Alesina, A. And G. Tabellini (1987). ‘Rules and Discretion with Noncoordinated Monetary and Fiscal Policies’, Economic Inquiry XXV, 619-630.
Barro, R. And D. Gordon (1983a). ‘A Positive Theory of Monetary Policy in a Natural rate Model’, Journal of Political Economy 91, 589-610.
Barro, R. And D. Gordon (1983b). ‘Rules, Discretion and Reputation in a Model of Monetary Policy’, Journal of Monetary Economics 12, 101-121.
Debelle, G. And S. Fischer (1994). ‘How Independent Should a Central Bank Be?’, in Goals, Guidelines, and Constraints Facing Monetary Policy, edited by J. C. Fuhrer, Conference Series No. 38, Federal Reserve Bank of Boston, 195-221.
Jensen, H. (1992). ‘Time Inconsistency Problems and Commitments of Monetary and Fiscal Policies’, Journal of Economics 56, 247-266.
Kydland, F. And E. Prescott (1977). ‘Rules rather than Discretion: The Inconsistency of Optimal Plans’, Journal of Political Economy 85, 473-491.
Lohmann, S. (1992). ‘Optimal Commitment in Monetary Policy: Credibility versus Flexibility’, The American Economic Review 82, 273-286.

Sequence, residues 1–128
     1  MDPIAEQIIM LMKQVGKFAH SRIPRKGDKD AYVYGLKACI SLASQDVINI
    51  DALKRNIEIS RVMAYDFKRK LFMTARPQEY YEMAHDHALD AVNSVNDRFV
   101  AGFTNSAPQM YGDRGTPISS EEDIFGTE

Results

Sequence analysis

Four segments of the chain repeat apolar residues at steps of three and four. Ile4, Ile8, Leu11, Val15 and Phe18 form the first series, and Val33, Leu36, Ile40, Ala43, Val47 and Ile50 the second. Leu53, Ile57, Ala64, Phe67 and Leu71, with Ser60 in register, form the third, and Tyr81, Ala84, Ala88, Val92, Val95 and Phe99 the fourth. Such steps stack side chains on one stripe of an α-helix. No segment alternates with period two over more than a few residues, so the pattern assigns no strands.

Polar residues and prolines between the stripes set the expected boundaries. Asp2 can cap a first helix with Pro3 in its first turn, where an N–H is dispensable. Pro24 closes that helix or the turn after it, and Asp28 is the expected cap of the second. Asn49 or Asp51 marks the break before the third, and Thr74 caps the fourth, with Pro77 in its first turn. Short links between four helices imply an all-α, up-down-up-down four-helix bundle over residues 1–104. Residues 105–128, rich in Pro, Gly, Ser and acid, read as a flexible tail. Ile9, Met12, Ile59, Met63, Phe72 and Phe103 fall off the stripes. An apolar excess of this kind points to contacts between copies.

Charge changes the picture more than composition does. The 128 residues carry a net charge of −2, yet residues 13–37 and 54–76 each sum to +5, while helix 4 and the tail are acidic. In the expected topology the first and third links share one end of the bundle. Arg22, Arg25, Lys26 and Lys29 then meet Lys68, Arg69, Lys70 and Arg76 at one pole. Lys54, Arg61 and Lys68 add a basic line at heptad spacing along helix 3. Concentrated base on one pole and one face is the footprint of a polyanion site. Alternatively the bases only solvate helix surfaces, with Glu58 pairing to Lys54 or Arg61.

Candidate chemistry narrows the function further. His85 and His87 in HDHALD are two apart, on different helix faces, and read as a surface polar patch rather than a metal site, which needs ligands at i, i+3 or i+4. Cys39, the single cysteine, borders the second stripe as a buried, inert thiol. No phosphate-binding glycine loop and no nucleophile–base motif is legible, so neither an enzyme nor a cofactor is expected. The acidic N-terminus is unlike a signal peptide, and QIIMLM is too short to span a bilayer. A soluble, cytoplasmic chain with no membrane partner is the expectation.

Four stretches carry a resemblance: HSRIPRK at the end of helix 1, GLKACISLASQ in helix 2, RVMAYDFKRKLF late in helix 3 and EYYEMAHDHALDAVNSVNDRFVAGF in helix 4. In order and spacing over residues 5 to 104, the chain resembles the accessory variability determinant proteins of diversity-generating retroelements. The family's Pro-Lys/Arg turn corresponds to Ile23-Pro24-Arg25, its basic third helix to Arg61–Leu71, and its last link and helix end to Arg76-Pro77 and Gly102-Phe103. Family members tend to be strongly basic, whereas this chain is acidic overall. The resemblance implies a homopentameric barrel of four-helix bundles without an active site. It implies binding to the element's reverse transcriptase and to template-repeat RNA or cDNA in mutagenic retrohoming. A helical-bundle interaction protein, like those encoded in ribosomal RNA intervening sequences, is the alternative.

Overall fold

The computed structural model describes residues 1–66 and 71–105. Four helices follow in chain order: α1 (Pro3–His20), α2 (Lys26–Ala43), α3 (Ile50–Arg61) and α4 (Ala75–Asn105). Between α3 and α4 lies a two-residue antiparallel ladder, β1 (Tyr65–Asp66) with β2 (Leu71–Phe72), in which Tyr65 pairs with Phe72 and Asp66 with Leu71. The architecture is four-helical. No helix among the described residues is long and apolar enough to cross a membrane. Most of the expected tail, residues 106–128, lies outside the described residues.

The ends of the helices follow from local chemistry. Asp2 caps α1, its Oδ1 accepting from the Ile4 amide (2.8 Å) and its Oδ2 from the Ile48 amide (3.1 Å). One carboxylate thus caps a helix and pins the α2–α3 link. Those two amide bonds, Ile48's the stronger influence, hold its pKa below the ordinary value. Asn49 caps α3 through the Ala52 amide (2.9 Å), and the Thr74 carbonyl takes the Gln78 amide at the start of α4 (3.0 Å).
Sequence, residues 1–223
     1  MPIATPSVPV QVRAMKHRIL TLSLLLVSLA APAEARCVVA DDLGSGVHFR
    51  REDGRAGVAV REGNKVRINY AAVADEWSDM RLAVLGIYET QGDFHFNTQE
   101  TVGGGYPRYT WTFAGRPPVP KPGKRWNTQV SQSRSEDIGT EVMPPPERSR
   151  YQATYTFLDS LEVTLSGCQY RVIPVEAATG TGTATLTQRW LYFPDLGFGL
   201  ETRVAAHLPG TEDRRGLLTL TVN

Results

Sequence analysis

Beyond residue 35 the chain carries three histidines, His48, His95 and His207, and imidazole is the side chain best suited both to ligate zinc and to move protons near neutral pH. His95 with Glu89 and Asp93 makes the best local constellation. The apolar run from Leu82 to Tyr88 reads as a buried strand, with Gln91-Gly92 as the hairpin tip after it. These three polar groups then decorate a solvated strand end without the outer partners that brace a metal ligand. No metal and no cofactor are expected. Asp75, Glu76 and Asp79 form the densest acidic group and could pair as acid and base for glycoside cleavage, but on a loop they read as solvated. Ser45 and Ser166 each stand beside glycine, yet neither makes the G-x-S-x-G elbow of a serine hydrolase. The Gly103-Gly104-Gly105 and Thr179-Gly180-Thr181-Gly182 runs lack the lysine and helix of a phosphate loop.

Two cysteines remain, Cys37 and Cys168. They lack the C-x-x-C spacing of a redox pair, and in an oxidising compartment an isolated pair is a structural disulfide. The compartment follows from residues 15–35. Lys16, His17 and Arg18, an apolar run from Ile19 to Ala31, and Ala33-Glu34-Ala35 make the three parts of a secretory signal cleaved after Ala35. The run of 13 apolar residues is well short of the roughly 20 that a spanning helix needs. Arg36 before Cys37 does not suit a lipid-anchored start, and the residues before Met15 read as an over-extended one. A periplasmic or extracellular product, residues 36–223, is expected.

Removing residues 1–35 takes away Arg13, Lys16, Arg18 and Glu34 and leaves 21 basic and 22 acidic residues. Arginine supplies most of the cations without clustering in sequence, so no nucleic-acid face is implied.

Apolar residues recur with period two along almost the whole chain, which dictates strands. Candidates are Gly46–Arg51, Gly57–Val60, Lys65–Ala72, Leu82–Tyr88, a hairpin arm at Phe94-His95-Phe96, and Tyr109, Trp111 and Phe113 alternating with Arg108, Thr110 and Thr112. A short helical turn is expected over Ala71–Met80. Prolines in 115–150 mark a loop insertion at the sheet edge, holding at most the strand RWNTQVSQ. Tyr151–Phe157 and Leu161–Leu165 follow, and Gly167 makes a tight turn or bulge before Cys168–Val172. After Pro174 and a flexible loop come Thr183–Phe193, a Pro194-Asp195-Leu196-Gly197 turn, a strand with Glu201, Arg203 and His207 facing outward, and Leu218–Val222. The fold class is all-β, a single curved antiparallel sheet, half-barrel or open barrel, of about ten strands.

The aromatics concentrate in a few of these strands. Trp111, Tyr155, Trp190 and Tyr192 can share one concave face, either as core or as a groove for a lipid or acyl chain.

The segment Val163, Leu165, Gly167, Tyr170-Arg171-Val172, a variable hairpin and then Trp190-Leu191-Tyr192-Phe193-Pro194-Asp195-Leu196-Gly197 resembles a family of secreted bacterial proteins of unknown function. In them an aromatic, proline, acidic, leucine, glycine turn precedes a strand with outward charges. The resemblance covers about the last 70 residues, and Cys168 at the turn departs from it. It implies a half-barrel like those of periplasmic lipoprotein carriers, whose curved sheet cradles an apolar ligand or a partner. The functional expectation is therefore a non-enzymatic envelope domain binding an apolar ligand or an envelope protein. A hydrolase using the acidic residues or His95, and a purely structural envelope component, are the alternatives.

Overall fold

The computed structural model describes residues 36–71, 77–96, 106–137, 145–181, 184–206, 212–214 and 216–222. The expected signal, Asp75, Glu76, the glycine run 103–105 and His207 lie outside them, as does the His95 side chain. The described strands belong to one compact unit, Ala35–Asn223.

McCallum, B. (1995). ‘Two Fallacies Concerning Central-Bank Independence’, The American Economic Review 85, Papers and Proceedings, 207-211.
Rogoff, K. (1985). ‘The Optimal Degree of Commitment to and Intermediate Monetary Target’, The Quarterly Journal of Economics, November, 1169-1189.
An earlier version of this paper was presented at the 1998 Annual Meeting of the European Public Choice Society at the School of Economics and Commercial Law, Gothenburg, Sweden, April 1998. I am grateful to the participants at the meeting, particularly Jan Fidrmuc (Tilburg University), as well as Adam Bennett and Tonny Lybek for helpful advice and comments.
Consequently, the focus is on the central bank’s “goal independence”, i.e. its ability to set the inflation target independently of the FA, rather than its “instrument independence” (Debelle and Fischer (1994)).
However, it is by no means obvious that this cost is infinite, as Rogoff (1985) and Lohmann (1992) implicitly assume. If the analysis were extended to cover repeated games the good-will cost of cheating could be endogenized with respect to the FA’s reputation of overriding the MA, and it could conceivably be shown that the two ways to tackle the credibility problem (building up an anti-inflationary reputation and appointing a conservative central banker) are mutually reinforcing.